Zero Trust Model is Meaningless Without TLS Inspection

Protecting users against modern, invisible cyber threats

by Babur Khan, Technical Marketing Engineer at A10 Networks

A security strategy is only as strong as its weakest point. No matter how extensive your network defenses are, if there is even one blind spot, you are still vulnerable to attacks. This is true even for the Zero Trust model, at the core of modern cybersecurity. Fortunately, there is a way to fix it.

Zero Trust Model: The Perfect Security Strategy…with a Catch

Zero Trust security / Zero Trust model has become a critical element of network defense. Its rise has been driven by the way traditional concepts of secured zones, perimeters, network segments—even “inside” and “outside”—have been rendered outdated by the modern cyberthreat landscape. After all, you can’t count on walls to keep you safe from insider attacks by people with legitimate access, prevent multi-level attacks designed to bring networks down, or stop lateral movement during the course of an attack.

  • The Zero Trust model responds to these challenges by adopting the approach of “trust nobody”—inside or outside the network. Cybersecurity strategies are redesigned accordingly along four key principles:
  • Create network micro-segments and micro-perimeters to restrict east-west traffic flow and limit excessive user privileges and access as much as possible.
  • Strengthen incident detection and response using comprehensive analytics and automation.
  • Integrate solutions across multi-vendor networks with ease, so they can work together seamlessly, enabling compliance and unified security. The solutions should also be easy to use so that additional complexity can be removed.
  • Provide comprehensive and centralized visibility into users, devices, data, the network, and workflows.

This sounds good in principle. Even the name “Zero Trust Security” is reassuring, with absolute terms that suggest absolute protection. But there is a catch: The Zero Trust model works only when you have full visibility into people and their activities. If something is invisible, there is no way for you to ensure that it does not pose a risk. And that is true for the vast majority of network traffic thanks to the widespread use of encryption.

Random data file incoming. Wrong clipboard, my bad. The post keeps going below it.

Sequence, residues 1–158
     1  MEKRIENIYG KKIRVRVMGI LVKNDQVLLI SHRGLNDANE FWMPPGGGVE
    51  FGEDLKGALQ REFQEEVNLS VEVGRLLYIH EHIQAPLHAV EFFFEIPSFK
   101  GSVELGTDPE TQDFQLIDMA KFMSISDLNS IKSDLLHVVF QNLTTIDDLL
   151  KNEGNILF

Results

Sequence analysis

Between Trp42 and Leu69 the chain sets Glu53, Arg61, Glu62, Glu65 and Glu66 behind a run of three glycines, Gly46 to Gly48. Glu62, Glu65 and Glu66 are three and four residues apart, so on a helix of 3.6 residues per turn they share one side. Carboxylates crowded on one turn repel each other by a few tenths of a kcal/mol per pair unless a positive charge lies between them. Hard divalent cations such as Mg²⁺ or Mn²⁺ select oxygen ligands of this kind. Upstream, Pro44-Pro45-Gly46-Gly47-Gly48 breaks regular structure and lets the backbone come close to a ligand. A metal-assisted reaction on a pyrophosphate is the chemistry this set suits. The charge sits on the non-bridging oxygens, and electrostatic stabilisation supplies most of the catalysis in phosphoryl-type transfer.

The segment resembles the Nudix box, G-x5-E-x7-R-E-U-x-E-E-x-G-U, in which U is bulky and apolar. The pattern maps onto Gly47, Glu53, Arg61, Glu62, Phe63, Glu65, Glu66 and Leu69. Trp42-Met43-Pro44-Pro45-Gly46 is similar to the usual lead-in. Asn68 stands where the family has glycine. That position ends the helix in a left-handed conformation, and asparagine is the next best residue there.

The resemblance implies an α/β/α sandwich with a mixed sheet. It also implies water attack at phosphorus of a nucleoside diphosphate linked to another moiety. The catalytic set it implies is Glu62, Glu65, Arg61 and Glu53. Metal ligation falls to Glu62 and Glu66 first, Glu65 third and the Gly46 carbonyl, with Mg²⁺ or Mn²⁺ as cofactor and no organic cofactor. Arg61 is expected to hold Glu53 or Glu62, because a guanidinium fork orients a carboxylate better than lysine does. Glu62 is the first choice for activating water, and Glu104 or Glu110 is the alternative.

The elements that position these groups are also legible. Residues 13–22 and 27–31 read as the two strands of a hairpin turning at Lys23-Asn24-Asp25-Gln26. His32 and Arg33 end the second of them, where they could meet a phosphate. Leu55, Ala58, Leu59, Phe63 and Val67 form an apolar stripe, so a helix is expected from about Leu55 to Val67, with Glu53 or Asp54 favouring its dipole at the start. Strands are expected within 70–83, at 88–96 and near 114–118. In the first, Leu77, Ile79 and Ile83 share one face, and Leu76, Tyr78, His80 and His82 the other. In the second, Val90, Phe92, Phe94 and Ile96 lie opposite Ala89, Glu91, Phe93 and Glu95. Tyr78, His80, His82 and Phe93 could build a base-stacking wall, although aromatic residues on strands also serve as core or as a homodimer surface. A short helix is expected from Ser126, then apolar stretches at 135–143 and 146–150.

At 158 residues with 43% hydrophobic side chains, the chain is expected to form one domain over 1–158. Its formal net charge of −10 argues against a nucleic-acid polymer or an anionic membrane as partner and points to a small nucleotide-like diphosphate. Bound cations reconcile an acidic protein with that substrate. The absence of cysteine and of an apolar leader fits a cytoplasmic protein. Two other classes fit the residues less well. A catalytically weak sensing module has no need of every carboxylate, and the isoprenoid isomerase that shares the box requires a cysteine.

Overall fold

Zero Trust Model / Zero Trust Security Blind Spot

Encryption is now ubiquitous across the internet. Google reports that over 90 percent of the traffic passing through its services is encrypted, and the numbers are similar for other vendors as well. This trend has been great for privacy—but it is devastating for security, whether you are implementing a Zero Trust model or something different. As encryption renders network traffic invisible to legacy solutions, your network’s security stack is effectively useless.

In response, many security vendors incorporate TLS inspection into their solutions. In effect, they decrypt traffic, inspect it, and then re-encrypt it before passing it on. But this “distributed TLS inspection” approach, in which decryption and re-encryption happens separately for each device in the security stack, brings problems of its own. Network bottlenecks and performance problems typically compromise service quality for business users and customers—an unacceptable penalty in today’s competitive business environment. What is more, the need to deploy private keys in multiple locations across the multi-vendor, multi-device security infrastructure expands the attack surface, increasing risk.